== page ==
It would be WONDERFUL if there were a system in-place that cut down on unnecessary fluoroquinolone prescriptions. It would be WONDERFUL if there were a system in-place that adequately communicated the real risks of fluoroquinolones. I think that Dr. Bennett’s idea of creating a black box registry is an excellent way to do both those things, and it’s absolutely worth a try. The system that we currently have for tracking and addressing adverse drug reactions is woefully inadequate. Change is good – especially if it is in the direction of making people safer.

Thank you Dr. Bennett and co-authors for writing “What the government should be doing — but isn’t — to guard against unsafe prescription drugs.” Your insights and advocacy are greatly appreciated!

*****

Children are Being Hurt By Fluoroquinolone Antibiotics

It breaks my heart when I hear about children getting “floxed.” It’s bad enough that fluoroquinolones inflict pain, tendon tears and ruptures, dysglycemia, insomnia, psychiatric problems, autonomic nervous system disturbances, hormonal issues, and more, on adults–it’s horrifying when those things happen to children. Our children, our babies, our innocent and precious kids, are getting hurt by fluoroquinolones too. We try to protect our children–it’s our job to protect them. We trust that when we go to the pediatrician, he or she won’t poison our babies, but, tragically, sometimes pediatricians do, indeed, poison children with fluoroquinolones. Sometimes they prescribe Cipro/ciprofloxacin, Levaquin/levofloxacin, Avelox/moxifloxacin, and Floxin/ofloxacin to children, and sometimes those children suffer devastating consequences from taking those drugs.

It is so incredibly wrong to give children drugs that can cause permanent pain and disability that I’m furious that it happens at all. I’m also furious that there aren’t any consequences for the various parties that allow fluoroquinolones to be prescribed to children. In case it needs to be said, hurting children, and chemically causing pain and disability for young boys and girls, is wrong.

It is well-documented that fluoroquinolones cause permanent lameness in juvenile animals and that they are contraindicated for the pediatric population. A review in U.S. Pharmacist notes that:

“Fluoroquinolones have demonstrated adverse effects on cartilage development in juvenile animals through the inflammation and destruction of weight-bearing joints.  These arthropathies were often irreversible, and their potential occurrence in children limited the use of fluoroquinolones in this population.  In one pediatric study, ciprofloxacin had a 3.3% (9.3% vs. 6.0%) absolute risk increase in musculoskeletal events within 6 weeks of treatment compared with control agents used to treat complicated UTIs or pyelonephritis. Adefurin and colleagues found a 57% increased relative risk of arthropathy in children given ciprofloxacin (21% overall) versus those in a non-fluoroquinolone comparator arm. In contrast to animal models, neither dose nor duration had an effect on the rate or severity of arthropathy.  A 2007 study by Noel and colleagues determined the incidence of musculoskeletal events (primarily arthralgias) to be greater in children treated with levofloxacin compared with nonfluoroquinolone-treated children at 2 months (2.1% vs. 0.9%; P = .04) and 12 months (3.4% vs. 1.8%; P = .03).  These results and the severity of the effects should be weighed heavily when initiation of fluoroquinolones is being contemplated in pediatric patients.”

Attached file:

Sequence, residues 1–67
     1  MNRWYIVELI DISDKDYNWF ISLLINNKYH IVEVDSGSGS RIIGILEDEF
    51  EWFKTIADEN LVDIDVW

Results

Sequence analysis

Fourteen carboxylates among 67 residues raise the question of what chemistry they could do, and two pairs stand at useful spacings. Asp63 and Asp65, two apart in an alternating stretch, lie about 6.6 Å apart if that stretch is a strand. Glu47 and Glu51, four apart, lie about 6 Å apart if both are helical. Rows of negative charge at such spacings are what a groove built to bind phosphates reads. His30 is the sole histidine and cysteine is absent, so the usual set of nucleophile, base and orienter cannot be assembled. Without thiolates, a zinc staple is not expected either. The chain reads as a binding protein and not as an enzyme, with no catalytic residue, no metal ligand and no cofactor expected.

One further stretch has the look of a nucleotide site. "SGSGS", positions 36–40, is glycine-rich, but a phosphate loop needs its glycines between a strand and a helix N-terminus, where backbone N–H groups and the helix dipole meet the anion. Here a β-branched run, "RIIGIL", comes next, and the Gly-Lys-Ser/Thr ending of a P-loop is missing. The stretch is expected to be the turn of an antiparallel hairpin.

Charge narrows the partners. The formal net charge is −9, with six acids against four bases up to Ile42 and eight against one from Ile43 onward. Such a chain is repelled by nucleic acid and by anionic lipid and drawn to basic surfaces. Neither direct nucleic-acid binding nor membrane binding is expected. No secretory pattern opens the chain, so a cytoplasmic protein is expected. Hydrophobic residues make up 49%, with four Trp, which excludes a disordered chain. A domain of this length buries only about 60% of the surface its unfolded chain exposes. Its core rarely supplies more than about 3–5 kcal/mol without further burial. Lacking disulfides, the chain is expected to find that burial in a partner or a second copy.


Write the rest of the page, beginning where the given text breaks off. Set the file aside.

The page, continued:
To summarize, fluoroquinolones can cause irreversible musculoskeletal harm and in doing so, they can put an end to a child’s days of running, jumping, playing soccer, skiing, dancing, etc. Think about that for a second–a drug, an antibiotic no less, can cause permanent damage to the musculoskeletal system of a child. Fluoroquinolones also have serious CNS effects, and can cause psychiatric disturbances as well as loss of memory and concentration. Children, with their developing bodies and minds, should not be subjected to dangerous, disabling drugs that can set back their development and their lives.

Given the documented adverse effects of fluoroquinolones on children, and the black box warning that notes that they can cause disability, the following examples of children being hurt by fluoroquinolones are both infuriating and heartbreaking. Still, I think they should be shared, so as to warn other parents of the dangers of these drugs, and hopefully fewer children will get floxed in the future.

I have paraphrased the stories that I’ve heard, but all of these are true:

  1. A 16 year old boy has Cipro 17 times over the last 7 years. He has various health issues, including a problem with the bones in his feet. The pain in his feet is so bad that he has had to stop school and homeschool on the computer.
  2. A 9 year old took fluoroquinolone ear drops twice as a toddler and suffers with chronic foot and knee pain.
  3. A young woman was floxed 4 1/2 years ago at 16 years old. After about 2 years, she got better, eventually reaching about 90-95% better, only to have a relapse for no apparent reason about a year later (which is where we are now)! She has had MANY devastating side effects, and still cannot work. When she got her first job is when the relapse took place.